Dangerous Behaviors in Llamas
        by Alvin Bean


There has been much said, done and written about the terror of "Berserk Male Syndrome" or "Aberrant Behavior Syndrome" in llama circles. Yet no clear definition of either "syndrome", which should be a collection of symptoms, seems to exist in veterinary texts or llama care books. This would understandably be confusing to the person new to llamas, the veterinarian new to llamas, and even intimidating to experienced llama owners. Perhaps we should not be so concerned with the fact that llamas do indeed sometimes exhibit dangerous behaviors, but more amazed by the fact that there is only one documented case of a human being being killed, albeit indirectly, by a llama. People are killed by horses every year, and by dogs several times a year. Hand raised male deer are listed as "dangerous animals" in wildlife rehabilitation texts and human deaths are not unheard of from these animals.

So, in light of the previous, I would like to try and offer descriptions of several syndromes, as described by the observable behaviors, appropriate actions that owners might consider and veterinarians might recommend. I hope only that these syndromes might be helpful to all involved with llamas, perhaps spare human injuries, and perhaps save the lives of some animals who are mistakenly thought to be "incurably berserk".

The Untrained Llama

Untrained llamas are generally fearful of human contact and attempt to escape from routine health maintenance and necessary management practices. These llamas may display the following behaviors, or injure people in the following ways if cornered or loosely restrained:

  • swing their rumps or shoulders into people in an attempt to escape
  • run into people with their chests, on their way out of being cornered
  • swing their necks and heads, especially when being haltered or touched about the head
  • kick
  • spit
  • if attempting to pick up a foot, the llama may drop it's shoulder or hip and effectively fall onto a person
  • if being lead, the llama may "spook" at new stimuli, and if the person leading the llama attempts to hold on to the lead rope, injury can occur (and this was the case in the only documented "llama caused death")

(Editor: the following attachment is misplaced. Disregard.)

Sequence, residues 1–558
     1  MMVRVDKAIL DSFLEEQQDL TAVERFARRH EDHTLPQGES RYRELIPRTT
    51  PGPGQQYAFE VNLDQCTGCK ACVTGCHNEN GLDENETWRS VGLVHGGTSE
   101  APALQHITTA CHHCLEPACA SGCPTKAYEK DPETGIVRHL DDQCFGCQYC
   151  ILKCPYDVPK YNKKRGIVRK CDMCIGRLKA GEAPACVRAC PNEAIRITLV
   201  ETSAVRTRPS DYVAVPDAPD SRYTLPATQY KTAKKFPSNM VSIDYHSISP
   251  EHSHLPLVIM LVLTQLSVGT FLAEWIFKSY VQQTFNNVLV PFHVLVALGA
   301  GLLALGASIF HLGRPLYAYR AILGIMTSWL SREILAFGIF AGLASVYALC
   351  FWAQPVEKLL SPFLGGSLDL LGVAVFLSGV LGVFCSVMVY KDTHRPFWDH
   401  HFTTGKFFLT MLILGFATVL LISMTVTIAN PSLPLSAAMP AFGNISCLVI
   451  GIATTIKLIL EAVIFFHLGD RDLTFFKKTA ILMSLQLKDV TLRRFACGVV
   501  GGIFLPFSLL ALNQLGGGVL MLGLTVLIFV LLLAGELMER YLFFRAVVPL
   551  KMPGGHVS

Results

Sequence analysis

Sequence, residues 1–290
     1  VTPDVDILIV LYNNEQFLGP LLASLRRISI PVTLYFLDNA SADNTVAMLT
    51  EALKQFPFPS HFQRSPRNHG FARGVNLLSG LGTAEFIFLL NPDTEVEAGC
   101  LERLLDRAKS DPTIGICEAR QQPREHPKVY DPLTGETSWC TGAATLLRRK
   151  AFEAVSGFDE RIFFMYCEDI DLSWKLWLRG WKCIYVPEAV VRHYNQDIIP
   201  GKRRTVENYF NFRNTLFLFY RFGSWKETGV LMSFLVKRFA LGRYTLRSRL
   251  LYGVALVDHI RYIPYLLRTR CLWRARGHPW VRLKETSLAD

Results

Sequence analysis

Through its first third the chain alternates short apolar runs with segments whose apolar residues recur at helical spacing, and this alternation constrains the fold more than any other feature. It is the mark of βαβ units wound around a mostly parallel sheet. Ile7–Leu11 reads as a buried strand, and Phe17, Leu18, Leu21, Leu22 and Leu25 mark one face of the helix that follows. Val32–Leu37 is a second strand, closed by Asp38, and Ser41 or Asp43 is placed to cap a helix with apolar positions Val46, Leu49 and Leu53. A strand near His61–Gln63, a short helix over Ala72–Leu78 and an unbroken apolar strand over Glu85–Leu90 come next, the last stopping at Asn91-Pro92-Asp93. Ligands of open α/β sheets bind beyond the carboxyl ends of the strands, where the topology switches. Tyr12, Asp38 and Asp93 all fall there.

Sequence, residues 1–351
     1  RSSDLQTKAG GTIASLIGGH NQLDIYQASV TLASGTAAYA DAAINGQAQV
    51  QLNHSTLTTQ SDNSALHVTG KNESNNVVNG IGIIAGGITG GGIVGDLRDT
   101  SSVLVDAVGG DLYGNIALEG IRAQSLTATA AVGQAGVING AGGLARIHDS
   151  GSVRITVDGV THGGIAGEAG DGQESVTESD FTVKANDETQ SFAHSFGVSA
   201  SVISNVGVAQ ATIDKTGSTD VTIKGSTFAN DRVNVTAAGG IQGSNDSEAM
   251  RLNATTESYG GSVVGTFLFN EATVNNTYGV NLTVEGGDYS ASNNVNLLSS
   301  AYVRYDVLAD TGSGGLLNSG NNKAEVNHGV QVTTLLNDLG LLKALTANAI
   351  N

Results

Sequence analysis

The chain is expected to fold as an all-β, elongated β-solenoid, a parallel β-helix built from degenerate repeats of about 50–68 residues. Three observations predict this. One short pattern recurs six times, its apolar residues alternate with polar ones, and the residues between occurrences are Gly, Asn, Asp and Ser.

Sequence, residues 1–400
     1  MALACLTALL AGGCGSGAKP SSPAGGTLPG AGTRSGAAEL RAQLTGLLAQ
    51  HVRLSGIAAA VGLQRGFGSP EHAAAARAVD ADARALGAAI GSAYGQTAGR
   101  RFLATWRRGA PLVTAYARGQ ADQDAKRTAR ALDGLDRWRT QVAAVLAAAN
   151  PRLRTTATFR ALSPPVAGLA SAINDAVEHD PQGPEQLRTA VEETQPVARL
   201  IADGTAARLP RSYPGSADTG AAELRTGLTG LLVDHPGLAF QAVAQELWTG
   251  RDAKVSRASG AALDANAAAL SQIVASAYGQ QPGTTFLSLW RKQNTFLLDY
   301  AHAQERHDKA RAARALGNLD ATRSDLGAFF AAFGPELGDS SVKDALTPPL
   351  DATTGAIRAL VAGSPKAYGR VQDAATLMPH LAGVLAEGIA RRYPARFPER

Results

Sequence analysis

Although untrained llamas can cause injury to people, there are many excellent training videos, books and clinics available which may effectively solve the problems. Also, many times, local llama breeders and trainers are willing to give advice and help.

The Over-handled Llama

At a potentially more concerning level of aggression we might describe the llama showing early symptoms of a more serious problem. This would not be an animal that was simply untrained or mildly mishandled, or yet dangerous. This llama would most likely have some kind of history that would indicate further potential danger which has not yet erupted.

These llamas have some or all of the following history:

  • bottle fed (supplemented with bottle or tube)
  • veterinary tx other than routine care
  • separated from mother
  • separated from other llamas
  • handled by numerous people inexperienced with young, large, livestock (i.e. at the vet or petting zoo, bottle baby whom in laws helped to feed, etc.)

And/or exhibit the following behaviors:
  • orgle at people
  • flip tail over back and drop into U-neck
  • regularly follow people within a 2-foot distance, without enticement, such as food
  • position themselves to prevent people from attending to chores or other animals
  • do not respond to training or consultation as recommended
  • these are usually llamas under 4 years old

Although these animals have not yet injured anyone, or even necessarily caused any discomfort for the owner, as they sexually mature the probability that they might misbehave causes concern based on lay experience and the recent survey research conducted by Ohio State University.

The instant that these animals mature to the point at which they attempt to assert their already tested dominance, they often frighten both new and experienced llama breeders, and are thought to be incurably "berserk" and euthanized. In our experience, these animals are easily trained after gelding, which seems to be the single most effective intervention, and is often by itself the only one necessary.

We do not have enough data at this point to say definitively that these llamas should be gelded or referred to professional trainers at a certain age. However, we can say anecdotally that gelding at 12-18 months seems to be an appropriate recommendation, although gelding at any age seems to be the single most important intervention that can be made.

Consultation with a trainer experienced in aggression is always recommended. Many trainers interested in aggression consult free of charge. (Please contact SELR's own Annie Higginbotham with any questions you may have and also see our Other Rescue Resources page .)

The Aggressive Llama

This llama is usually an "over-handled" llama who is intact (an un-gelded male), has often been bred, and has received no training or intervention. However, in our experience, we have seen llamas who had no prior history become aggressive later in life without obvious provocation except for management changes.

Behaviors include:

  • screaming at people on sight
  • spitting on people on sight
  • charging fence lines and attempting to bite or spit on people on the other side
  • attempting to jump over or get through the fence

If people should enter the enclosure the llama may:
  • charge at full gallop and hit the human with chest and knees
  • bite
  • rear
  • stomp
Alvin training Herschall